The National Association of Frozen Food Packers, being conscious of the dangers of inflation to the American economy and of the potentially serious consequences of inflation upon the frozen fruit, berry, vegetable, and juice industry, but being vigorously opposed to nonessential and uneconomic price controls, submits the following considerations and resolution for the attention of the Office of Price Stabilization:

That, as of February 1, 1952, supplies of frozen fruits, berries, vegetables, and juices were 12 percent greater than on the same date of 1951;

That during the year 1951 the average consumer purchased 30 percent more frozen fruits, berries, vegetables, and juices than in 1950, according to the report of Industrial Surveys, Inc.;

That in 1951 the Quartermaster Corps of the Army purchased 100 percent more of those products than it purchased in 1950;

That, despite this greatly increased usage during that period, retail prices of those products, as calculated by the Bureau of Labor Statistics, declined 5 percent;

That it is evident that under present conditions supplies of such products are adequate to meet existing and prospective civilian and military demand;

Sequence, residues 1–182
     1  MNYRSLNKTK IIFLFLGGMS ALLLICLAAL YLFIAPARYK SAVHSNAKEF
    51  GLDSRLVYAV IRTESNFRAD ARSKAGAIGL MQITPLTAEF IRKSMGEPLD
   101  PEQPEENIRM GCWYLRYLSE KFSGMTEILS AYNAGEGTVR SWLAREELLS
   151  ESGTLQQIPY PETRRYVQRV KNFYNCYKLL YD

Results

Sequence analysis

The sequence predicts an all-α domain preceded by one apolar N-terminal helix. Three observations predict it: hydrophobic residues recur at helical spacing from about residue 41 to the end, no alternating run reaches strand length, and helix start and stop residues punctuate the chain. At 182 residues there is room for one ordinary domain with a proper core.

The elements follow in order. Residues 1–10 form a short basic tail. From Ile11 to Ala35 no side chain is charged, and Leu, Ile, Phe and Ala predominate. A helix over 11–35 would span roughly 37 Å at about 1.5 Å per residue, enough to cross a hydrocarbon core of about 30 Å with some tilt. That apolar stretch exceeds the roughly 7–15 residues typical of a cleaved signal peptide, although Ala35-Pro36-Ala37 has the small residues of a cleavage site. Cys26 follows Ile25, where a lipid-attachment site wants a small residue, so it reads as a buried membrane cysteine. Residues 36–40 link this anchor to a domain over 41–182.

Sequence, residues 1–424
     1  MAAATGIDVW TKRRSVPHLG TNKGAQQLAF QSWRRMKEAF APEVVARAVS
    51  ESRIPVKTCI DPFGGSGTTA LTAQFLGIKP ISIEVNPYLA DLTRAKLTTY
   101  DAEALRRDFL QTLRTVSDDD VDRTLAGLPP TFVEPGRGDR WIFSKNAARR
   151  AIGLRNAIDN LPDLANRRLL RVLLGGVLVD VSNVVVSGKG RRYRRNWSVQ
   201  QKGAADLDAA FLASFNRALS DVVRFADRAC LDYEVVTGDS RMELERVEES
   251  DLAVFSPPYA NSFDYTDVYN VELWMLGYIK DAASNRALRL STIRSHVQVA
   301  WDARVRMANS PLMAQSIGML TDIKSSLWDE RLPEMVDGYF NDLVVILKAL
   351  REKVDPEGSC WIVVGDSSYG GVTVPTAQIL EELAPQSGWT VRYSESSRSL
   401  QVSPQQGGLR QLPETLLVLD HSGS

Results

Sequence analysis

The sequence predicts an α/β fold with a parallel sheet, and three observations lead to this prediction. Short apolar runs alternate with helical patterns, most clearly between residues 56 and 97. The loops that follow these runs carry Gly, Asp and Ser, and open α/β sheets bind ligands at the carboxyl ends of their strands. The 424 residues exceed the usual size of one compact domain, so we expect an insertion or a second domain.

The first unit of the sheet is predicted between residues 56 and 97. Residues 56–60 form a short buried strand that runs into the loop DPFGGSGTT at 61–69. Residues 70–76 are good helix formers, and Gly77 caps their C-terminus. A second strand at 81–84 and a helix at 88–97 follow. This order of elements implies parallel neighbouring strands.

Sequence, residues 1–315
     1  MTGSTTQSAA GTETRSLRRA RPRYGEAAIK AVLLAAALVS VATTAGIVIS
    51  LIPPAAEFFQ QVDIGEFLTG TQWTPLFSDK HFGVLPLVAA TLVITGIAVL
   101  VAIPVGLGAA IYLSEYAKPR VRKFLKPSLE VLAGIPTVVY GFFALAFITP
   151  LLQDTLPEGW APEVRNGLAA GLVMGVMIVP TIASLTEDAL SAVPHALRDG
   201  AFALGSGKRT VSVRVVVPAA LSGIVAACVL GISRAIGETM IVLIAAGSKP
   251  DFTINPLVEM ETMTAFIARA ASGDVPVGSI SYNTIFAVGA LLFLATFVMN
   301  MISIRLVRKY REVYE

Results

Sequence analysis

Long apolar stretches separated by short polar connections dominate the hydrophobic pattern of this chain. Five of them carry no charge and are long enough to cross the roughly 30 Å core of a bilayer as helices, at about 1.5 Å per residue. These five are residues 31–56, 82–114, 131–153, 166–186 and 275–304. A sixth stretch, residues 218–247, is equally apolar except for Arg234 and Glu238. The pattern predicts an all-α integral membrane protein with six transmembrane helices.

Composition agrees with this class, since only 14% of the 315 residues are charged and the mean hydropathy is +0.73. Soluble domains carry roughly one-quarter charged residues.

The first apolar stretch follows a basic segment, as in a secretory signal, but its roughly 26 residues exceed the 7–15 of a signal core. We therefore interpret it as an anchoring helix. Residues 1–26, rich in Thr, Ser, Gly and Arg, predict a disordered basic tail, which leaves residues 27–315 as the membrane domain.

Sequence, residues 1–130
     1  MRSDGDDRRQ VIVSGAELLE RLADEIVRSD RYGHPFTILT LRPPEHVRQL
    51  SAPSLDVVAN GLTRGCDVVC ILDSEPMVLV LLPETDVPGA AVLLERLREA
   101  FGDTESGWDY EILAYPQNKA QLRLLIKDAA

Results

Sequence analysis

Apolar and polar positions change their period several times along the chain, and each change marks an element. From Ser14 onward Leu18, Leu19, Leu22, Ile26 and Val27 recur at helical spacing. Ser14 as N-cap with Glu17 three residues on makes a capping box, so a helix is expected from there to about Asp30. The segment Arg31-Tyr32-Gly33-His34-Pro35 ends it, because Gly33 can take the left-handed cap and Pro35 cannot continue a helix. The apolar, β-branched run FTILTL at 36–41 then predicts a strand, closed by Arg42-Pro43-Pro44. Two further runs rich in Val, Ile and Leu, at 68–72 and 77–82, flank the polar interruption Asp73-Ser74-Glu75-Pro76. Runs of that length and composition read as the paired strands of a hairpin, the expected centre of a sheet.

That it is further evident that price controls on such products are not necessary for the protection of consumers;

That competition is increasing rather than decreasing in this industry, thus continuing the pressure for lowered prices;

That price controls impose a heavy burden upon the industry by their requirements of hundreds of man-hours of effort to comply with administrative formalities, to calculate price ceilings, and to determine the various applications of pricing regulations, as well as by the waste of executive time and energy in the development of factual bases for the regulations, and in advisory committee and other work with representatives of the Office of Price Stabilization;

That the inflexibility of price controls is such that the industry is foreclosed from equalization of prices as between a grade of a particular product which is in short supply and another grade of such product which is in relatively surplus supply;

That price control is justified only in conditions of scarcity resulting in bidding up of prices for scarce commodities;

That, it being evident that price control is not justified in the frozen fruit, berry, vegetable, and juice industry; it is

Resolved, That the Office of Price Stabilization respectfully is urged immediately to suspend price controls on frozen fruits, berries, vegetables, and juices and to reinstate such controls only for such of those foods as may, in the future, be in short supply to such a material extent as to require reinstatement of controls in the public interest.